was a next to impossible task, at least within any reasonable time frame.

Anybody
with an even scant knowledge of decades of failure in trying to promote
sustainable development in Africa and other underdeveloped regions of the world
through large amounts of outside assistance could have pointed out that this
was mission impossible.

Indeed, if promoting development in Africa is extremely challenging even under “normal” circumstances, it should have been clear to all top decision-makers in Washington that engaging in a development effort in an extremely poor, and completely ruined post-conflict Afghanistan would take extraordinary resources, and many, many decades.

A
dauntingly tall agenda, by the way, even assuming peace and a cooperative
society willing to buy into this rapid modernization strategy hatched and
dished out by outside experts.

Impossible
goals

Again, everybody knew or should have known that at the end of 2001 Afghanistan was an incredibly backward, tribal country that lacked almost all the underpinnings necessary to even start moving on a development agenda. And the basic underpinnings would include: some meaningful productive activities, (no, poppy cultivation and heroin should not be on this list), at least some basic infrastructure, a modicum of electricity generation capacity and transmission lines, at least some reasonably modern health care facilities, some functioning schools, a somewhat educated middle class, and a reasonably competent government and public administration.

Sadly, at the end of 2001 Afghanistan had almost none of these prerequisites. On top of that, the country was exhausted. it had suffered for years under a communist dictatorship, then it had to endure the Soviet invasion which was followed by a bloody war against the Soviets, and then civil strife, followed by the truly medieval Taliban regime.

A
record of failure

Anyway, in
the end the whole US-led Afghanistan enterprise that began at the end of 2001
failed –miserably. This is well documented. A key feature of this systemic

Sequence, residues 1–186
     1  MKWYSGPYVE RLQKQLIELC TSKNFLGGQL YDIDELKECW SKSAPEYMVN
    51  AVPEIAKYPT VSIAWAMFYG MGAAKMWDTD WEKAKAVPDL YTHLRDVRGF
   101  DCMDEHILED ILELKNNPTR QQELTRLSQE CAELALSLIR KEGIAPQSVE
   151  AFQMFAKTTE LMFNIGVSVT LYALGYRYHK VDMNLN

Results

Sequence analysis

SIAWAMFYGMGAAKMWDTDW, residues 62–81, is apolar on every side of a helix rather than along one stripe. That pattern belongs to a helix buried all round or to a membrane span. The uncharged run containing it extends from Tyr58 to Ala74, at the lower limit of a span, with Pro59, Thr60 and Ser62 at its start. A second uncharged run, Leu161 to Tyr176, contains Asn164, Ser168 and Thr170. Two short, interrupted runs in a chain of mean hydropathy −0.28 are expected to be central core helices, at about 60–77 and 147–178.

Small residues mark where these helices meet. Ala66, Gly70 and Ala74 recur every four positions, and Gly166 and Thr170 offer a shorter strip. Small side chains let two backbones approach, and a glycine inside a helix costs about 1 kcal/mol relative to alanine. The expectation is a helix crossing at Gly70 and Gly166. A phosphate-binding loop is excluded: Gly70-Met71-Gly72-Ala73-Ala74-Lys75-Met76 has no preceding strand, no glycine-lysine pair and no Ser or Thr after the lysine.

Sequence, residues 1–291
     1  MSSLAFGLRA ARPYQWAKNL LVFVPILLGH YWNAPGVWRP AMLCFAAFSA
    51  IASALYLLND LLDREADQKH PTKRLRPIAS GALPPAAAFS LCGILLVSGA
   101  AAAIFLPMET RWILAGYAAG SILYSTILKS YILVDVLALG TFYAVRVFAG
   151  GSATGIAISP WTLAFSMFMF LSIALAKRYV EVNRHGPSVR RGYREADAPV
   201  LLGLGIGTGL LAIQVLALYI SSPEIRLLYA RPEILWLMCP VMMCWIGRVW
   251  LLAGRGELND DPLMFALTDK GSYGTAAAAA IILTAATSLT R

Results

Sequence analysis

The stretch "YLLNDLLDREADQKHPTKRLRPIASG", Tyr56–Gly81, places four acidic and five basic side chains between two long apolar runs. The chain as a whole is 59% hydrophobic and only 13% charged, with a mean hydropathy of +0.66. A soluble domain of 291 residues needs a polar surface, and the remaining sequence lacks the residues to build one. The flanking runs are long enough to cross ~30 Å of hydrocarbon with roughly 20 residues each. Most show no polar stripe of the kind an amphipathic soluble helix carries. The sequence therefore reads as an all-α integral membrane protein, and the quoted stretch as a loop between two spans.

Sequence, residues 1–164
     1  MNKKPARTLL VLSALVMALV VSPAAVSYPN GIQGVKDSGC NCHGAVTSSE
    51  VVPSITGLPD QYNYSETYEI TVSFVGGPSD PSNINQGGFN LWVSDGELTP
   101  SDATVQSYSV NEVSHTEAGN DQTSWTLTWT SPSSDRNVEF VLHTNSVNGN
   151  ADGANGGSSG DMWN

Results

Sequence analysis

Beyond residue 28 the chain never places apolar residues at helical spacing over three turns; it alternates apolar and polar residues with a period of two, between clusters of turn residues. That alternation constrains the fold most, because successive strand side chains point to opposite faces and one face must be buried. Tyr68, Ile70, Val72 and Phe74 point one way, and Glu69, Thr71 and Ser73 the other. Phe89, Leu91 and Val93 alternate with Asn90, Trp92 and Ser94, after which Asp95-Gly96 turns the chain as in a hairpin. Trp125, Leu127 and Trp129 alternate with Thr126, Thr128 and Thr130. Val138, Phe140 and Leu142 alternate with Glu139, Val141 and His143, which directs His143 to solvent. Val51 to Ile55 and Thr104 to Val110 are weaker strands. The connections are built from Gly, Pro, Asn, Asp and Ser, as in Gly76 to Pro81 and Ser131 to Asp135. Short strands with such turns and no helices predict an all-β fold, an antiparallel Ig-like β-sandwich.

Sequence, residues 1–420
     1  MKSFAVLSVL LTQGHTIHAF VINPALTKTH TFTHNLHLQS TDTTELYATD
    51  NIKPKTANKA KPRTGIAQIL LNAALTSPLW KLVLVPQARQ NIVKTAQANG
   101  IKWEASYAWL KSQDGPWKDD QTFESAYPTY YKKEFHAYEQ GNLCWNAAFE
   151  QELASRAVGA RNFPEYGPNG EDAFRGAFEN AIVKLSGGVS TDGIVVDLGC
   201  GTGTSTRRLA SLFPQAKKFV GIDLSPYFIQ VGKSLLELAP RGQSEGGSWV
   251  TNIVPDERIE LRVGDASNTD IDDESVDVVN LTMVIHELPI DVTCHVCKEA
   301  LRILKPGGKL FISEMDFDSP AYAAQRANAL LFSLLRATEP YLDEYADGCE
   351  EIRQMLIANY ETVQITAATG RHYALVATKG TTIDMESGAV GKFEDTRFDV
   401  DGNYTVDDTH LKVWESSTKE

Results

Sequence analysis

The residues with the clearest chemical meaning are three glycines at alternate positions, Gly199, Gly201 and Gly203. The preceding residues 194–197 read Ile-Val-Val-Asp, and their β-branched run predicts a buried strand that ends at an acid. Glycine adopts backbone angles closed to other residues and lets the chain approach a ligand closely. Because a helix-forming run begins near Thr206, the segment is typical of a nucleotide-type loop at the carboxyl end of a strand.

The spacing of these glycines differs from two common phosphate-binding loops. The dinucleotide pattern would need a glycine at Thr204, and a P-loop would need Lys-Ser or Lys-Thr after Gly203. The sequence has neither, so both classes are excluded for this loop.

failure is that, to this day, the US government has no idea of what happened to
billions of dollars targeted for development in Afghanistan. The money simply
vanished.

The biggest failure was and is in the strong resurgence of the Taliban and the utter inability of the US-trained and equipped Afghan military and police to even hold their ground –let alone go after the Taliban insurgents and defeat them.

Right now, the Kabul government is unable to guarantee even a modicum of security almost anywhere in the country. Up to the signing of the recent preliminary agreement and semi-ceasefire that should lead to the finalization of the final peace agreement, The Taliban could hit almost any city, including well defended targets in Kabul itself.

On top of that, in the last few years, other extremists and terror groups have found fertile ground in Afghanistan. On a daily basis, there are attacks, bombs, suicide missions, and what not. And this is happening after 19 years of American and NATO military assistance to the Afghan Government, combined with gigantic development packages aimed at building a modern government, and eventually new prosperity.

The
negotiations with the Taliban

I guess this is why the Trump administration FINALLY decided to cut America’s losses and get the residual US troops home. The fig leaf here are the almost concluded bilateral “peace negotiations” with the Taliban. Through this charade hosted by Qatar, Washington would like to convey to the world that this is no “cut and run”. On the contrary, Washington will implement an orderly and careful incremental drawdown of US forces –but only if and when the Taliban will meet certain non-negotiable conditions.